What I’d like to say as a Muslim here is that any person claiming to be a Muslim who indulges in killing innocent people, in my opinion, is not a Muslim — is not a person of faith at all. This is true of a person of a different religion, be it Hindu or Christian or Sikh or Jew. If you kill innocent people, you are not a person of faith, not a person of god, certainly not a religious person. I do not think the mainstream and all of us should recognise that person as a Muslim, Hindu or Christian. We should recognise him simply as a criminal and his religion thereafter should be completely unimportant one way or the other. He should be treated as a criminal not only by the authorities but even by the public. Things like this only serve to propagate a lack of trust and ill feelings towards another community whichever that community maybe. An act by one Hindu or Muslim or Christian should not be read as what the community feels.
Having said that, I would also like to say that we really should find out who is behind it. And I find it a little surprising that irrespective of which blast it is or of what magnitude, I realise that somehow authorities very conveniently find one or two people within two hours or within one or two days of the incident and kill that person in a shootout or something like that. What I want to know is why can’t they do that before. Is it so easy to find a criminal? If it is so easy, why can’t we nab them before the act? And in this, I want to comment on the role of the media, where they conveniently take it on face value and say that phalana dhimka from phalana dhimka group has in fact done this. We know that somebody has been killed. We can see a dead body there, but we don’t know who that person is. Nobody knows who actually planted a bomb in the temple. Today it’s a temple, tomorrow it could be a mosque, day after a church or market place. The job of the authorities is to find out who’s behind it and the job of the press I feel is to investigate whether the authorities are telling the truth.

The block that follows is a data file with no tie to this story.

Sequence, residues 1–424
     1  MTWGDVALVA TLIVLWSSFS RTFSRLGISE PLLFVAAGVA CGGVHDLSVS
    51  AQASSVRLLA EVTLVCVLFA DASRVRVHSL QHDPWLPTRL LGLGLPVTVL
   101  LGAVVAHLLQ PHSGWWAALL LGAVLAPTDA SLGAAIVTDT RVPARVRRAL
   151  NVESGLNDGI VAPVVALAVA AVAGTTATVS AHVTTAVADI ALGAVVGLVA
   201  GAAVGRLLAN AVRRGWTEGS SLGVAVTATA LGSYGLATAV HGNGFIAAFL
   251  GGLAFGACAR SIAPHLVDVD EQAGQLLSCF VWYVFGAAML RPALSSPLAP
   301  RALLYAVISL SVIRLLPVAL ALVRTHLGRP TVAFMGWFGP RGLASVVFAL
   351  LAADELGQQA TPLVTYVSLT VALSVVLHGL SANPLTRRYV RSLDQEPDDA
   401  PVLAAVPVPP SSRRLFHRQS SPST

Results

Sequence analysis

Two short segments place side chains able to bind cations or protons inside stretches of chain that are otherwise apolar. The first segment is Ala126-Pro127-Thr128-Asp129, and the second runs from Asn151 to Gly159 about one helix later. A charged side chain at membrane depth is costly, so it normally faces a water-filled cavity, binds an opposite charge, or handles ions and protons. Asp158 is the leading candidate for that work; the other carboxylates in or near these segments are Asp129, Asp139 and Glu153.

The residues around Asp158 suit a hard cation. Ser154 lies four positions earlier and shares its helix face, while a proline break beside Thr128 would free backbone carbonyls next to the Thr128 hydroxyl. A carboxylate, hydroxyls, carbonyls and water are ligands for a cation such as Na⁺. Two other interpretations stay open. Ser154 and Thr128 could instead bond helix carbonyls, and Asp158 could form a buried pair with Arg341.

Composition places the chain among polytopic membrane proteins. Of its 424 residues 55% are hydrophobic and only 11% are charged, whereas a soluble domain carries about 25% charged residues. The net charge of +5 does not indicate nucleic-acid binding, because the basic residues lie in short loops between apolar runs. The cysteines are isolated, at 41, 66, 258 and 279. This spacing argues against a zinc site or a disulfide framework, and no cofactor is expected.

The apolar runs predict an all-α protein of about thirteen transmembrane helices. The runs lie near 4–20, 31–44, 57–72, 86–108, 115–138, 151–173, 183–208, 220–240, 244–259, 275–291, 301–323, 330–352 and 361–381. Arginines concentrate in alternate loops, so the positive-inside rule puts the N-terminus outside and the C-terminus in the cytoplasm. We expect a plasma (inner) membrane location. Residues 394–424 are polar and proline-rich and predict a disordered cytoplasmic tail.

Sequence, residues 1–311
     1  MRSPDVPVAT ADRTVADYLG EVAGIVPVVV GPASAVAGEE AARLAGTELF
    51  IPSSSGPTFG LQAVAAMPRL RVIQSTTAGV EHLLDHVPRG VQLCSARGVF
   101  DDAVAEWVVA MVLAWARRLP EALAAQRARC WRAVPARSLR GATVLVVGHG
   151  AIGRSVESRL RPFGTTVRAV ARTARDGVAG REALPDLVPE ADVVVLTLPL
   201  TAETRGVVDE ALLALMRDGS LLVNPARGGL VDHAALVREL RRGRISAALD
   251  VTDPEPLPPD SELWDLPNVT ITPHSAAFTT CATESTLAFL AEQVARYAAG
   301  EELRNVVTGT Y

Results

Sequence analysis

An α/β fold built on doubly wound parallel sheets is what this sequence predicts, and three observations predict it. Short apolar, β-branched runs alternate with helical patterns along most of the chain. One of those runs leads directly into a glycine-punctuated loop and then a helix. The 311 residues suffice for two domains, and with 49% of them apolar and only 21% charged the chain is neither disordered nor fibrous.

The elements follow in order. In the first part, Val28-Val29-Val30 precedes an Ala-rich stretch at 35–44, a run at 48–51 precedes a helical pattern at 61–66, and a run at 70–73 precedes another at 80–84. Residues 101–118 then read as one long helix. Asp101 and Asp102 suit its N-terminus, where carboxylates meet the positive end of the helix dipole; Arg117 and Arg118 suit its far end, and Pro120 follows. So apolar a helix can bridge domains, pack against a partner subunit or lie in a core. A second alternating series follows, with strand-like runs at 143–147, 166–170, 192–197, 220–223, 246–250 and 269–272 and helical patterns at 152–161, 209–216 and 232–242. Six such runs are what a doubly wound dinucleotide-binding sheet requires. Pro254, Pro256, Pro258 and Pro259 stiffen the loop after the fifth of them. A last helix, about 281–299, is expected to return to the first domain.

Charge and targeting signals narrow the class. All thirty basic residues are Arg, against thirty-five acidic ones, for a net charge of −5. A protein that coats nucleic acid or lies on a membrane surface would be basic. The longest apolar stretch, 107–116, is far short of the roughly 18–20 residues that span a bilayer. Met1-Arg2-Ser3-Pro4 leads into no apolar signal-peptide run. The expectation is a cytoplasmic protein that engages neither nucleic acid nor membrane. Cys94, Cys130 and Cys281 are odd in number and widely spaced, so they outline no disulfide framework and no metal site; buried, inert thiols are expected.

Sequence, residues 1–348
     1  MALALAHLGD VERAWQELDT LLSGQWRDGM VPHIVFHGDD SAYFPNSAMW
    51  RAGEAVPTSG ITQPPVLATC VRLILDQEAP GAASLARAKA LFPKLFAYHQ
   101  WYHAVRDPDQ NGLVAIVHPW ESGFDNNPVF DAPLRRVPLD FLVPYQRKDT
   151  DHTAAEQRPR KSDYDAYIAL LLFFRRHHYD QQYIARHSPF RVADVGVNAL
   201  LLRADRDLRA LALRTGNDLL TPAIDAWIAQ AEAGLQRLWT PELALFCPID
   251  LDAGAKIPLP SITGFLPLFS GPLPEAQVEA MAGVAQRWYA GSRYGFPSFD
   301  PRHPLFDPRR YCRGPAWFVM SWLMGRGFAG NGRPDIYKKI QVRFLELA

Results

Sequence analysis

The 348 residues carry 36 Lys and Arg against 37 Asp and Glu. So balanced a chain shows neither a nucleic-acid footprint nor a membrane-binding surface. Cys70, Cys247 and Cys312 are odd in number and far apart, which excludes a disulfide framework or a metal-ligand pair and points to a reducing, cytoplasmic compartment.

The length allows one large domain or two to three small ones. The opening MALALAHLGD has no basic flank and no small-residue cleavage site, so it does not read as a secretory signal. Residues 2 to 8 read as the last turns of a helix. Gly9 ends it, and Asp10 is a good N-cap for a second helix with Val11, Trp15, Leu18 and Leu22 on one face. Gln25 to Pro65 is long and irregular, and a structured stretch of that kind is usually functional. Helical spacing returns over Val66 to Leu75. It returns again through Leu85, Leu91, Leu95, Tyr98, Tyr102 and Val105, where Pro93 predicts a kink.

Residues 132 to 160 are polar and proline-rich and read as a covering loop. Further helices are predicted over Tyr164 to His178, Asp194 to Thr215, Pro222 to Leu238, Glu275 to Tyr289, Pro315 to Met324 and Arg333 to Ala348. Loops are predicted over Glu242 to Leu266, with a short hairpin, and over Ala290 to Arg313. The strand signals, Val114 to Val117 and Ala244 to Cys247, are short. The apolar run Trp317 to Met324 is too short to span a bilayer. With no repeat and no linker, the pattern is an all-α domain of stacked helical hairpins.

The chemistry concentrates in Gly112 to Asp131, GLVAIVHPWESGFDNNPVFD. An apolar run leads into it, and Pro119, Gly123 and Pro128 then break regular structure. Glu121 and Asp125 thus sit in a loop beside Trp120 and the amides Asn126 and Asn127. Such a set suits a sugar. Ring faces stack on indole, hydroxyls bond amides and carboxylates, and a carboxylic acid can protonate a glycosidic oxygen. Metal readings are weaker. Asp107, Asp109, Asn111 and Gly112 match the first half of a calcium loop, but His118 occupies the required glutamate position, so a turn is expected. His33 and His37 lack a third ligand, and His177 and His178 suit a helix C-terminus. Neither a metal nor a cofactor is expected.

In fact, even the story we are discussing just now should be what all channels and papers are also discussing. What is happening to the media? It’s a matter of national concern.
This thing about making money out of celebrities. For people who occupy a large space in mass psychology, isn’t there inevitably a money spinoff when the media comes in contact with them? Is there a kind of symbiotic relationship there?
I know what you are saying. But first of all I would like to do a lot of things that is not for money, where I’m not charging money to give interviews or to interact with people. Secondly, I certainly don’t want to make my personal affair, like a marriage, into a money-making moment. So while, yes, a celebrity and media can create situations which are beneficial to both, it should be a situation where they both agree it is beneficial to both, but every situation cannot be made that. Number two, it should not certainly interfere with the right of a journalist or newspaper to report honestly. Your relationship with a celebrity cannot be such that you cannot report honestly — if he’s doing something absurd or wrong that you should report, but you are making money out of him so you don’t report it. You can’t get into that. So there has to be a certain distance maintained. I think everything should be taken on a one-on-one. If there is a particular event or interview you are doing which both parties feel is mutually beneficial, they can do it, but it cannot be the rule and it cannot be what happens every time.
To go back to where we began, you said the press went at Mangal Pandey with a vengeance. But surely it has been much kinder to Rang De?
You know after my experience with Mangal Pandey, I mentioned my concerns to the director and producer of Rang De, Rakeysh Mehra, saying if I’m not mistaken this is probably something that will repeat itself. There were signs of it before the film released but I believe Rakeysh and the producer Ronnie went out of their way to allay that. But the much more important point I want to make is again the kind of disproportionate interest and intense speculation that surrounded the film’s progress through the Censor Board. This is not headline news! The media went completely berserk though the Censor Board was merely following guidelines. This is the first time I’m speaking about it and I want to put it on record that our experience of the Defence Minister, Chiefs of Staff and other officials was very positive. They were extremely mature in not intruding or curbing our creative freedom in any way. So all the media speculation about them was just absurd, completely unwarranted.